Nepali Times
Under My Hat
Animal Kingdom


The arrest last week of Gajendra, the Zoo elephant, for a serious traffic violation at the Singha Durbar intersection is a signal that it is never too late to get the animals that use the capital's streets to abide by the rules. Gajendra passed the breath analyser test (just bad breath, no alcohol) but was booked for doing do-do below the statue of King Prithvi Narayan Shah the Great, an intersection frequented by the Prime Minister and other members of his Cabinet. Elephant poo is a serious traffic hazard, and it was an alert member of Kathmandu's finest that spotted the Great Balls of Fibre and traced them to their pachyderm perpetrator who was promptly apprehended.

This miscreant was nabbed, but what the elephant episode showed was an urgent need to regulate the bodily functions of Kathmandu's street fauna. As traffic flow increases, we can no longer have one set of rules for four wheels, and no rules for four legs. But hope is at hand: the Traffic Police is now working on strict rules to regulate the Animal Kingdom:

. Fowls: Chicken crossing the road will henceforth be required to first sign an affidavit in triplicate (with Rs 5 stamps affixed) explaining why they wish to do so. From the next fiscal year, the officer on duty will be allowed to arrest jay-walking roosters on the spot, and eat them, unless they are able to satisfactorily explain why it is they wish to get to the other side.

. Ducks: Speeding ducks are a threat to life and limb, and ducks found to be recklessly going around speed bumps on the Godavari Road will with immediate effect be sent to the Quack-Quack noodle factory. The ground-speed limit for ducks and geese is now set at 55 mph.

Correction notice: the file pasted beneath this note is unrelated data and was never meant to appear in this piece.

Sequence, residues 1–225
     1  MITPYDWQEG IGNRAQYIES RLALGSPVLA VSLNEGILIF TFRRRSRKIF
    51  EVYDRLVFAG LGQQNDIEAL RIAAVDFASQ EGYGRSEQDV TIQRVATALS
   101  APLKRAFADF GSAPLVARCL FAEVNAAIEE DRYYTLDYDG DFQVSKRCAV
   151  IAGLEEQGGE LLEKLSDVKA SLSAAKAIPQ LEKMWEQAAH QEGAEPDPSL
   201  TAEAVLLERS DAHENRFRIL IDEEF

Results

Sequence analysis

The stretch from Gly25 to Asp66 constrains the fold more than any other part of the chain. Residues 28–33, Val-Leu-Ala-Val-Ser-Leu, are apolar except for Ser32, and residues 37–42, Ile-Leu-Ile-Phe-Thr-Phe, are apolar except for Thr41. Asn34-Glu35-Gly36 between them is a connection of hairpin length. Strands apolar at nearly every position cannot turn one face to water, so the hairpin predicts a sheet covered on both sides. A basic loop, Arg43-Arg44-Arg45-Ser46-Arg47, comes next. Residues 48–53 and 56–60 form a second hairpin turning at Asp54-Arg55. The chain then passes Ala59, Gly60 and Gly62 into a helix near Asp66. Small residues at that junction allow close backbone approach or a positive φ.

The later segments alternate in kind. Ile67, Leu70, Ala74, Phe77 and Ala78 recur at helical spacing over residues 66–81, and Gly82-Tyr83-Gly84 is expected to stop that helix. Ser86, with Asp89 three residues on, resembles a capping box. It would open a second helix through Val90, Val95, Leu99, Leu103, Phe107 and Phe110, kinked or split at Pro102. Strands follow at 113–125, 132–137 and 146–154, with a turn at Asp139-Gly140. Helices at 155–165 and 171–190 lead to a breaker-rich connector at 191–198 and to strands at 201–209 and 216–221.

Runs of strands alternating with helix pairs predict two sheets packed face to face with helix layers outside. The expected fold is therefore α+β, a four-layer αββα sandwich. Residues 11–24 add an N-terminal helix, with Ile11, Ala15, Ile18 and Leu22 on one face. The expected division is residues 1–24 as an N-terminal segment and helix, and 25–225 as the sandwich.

. Goats: Parking on the grass is now strictly prohibited, and guilty ungulates will be violently removed from the scene of the crime and sacrificed by the Municipality. And that means ewe.

. Cows: The new regulations be queath Kathmandu's streets to its rightful original owners and give them the right of way. Always pass a sitting bull on the left, unless it is moving, in which case all approaching traffic has to stop until El Toro decides what to do next. Which could be until the cows come home.

. Dogs: Chasing cars while barking wildly is a dangerous activity and has been banned with immediate effect. Dogs will be allowed to baptise tyres only in the privacy of their own homes. During their annual mating season, dogs must give traffic at all major thoroughfares the right of way from nine to five on weekdays and ten to two on weekends. At other times, dogs can continue to do whatever it is they do to enlarge their genetic pool.

. Elephants: Only elephants with green stickers showing that they have passed emission tests and with valid Continence Certificates will be allowed to cross the Singha Durbar intersection.

. Zebras: To get across, zebras must only use pajama crosswalks after looking in
both directions to check for speeding ducks.

(11 JAN 2013 - 17 JAN 2013)